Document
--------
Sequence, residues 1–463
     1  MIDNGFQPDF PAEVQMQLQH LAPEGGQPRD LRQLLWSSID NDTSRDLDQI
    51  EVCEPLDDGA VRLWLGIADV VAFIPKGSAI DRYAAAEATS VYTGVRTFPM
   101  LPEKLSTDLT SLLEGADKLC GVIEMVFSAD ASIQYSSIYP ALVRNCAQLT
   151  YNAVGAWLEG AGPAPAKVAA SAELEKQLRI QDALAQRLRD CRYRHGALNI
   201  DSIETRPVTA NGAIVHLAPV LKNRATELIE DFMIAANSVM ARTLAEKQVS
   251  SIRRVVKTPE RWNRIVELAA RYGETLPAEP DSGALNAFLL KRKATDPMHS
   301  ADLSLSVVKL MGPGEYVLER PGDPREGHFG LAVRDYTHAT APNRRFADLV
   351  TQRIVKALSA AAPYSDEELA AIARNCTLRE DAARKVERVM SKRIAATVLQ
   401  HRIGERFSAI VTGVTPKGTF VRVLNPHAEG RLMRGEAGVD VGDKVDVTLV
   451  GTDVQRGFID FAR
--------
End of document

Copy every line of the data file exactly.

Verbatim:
Sequence, residues 1–463
     1  MIDNGFQPDF PAEVQMQLQH LAPEGGQPRD LRQLLWSSID NDTSRDLDQI
    51  EVCEPLDDGA VRLWLGIADV VAFIPKGSAI DRYAAAEATS VYTGVRTFPM
   101  LPEKLSTDLT SLLEGADKLC GVIEMVFSAD ASIQYSSIYP ALVRNCAQLT
   151  YNAVGAWLEG AGPAPAKVAA SAELEKQLRI QDALAQRLRD CRYRHGALNI
   201  DSIETRPVTA NGAIVHLAPV LKNRATELIE DFMIAANSVM ARTLAEKQVS
   251  SIRRVVKTPE RWNRIVELAA RYGETLPAEP DSGALNAFLL KRKATDPMHS
   301  ADLSLSVVKL MGPGEYVLER PGDPREGHFG LAVRDYTHAT APNRRFADLV
   351  TQRIVKALSA AAPYSDEELA AIARNCTLRE DAARKVERVM SKRIAATVLQ
   401  HRIGERFSAI VTGVTPKGTF VRVLNPHAEG RLMRGEAGVD VGDKVDVTLV
   451  GTDVQRGFID FAR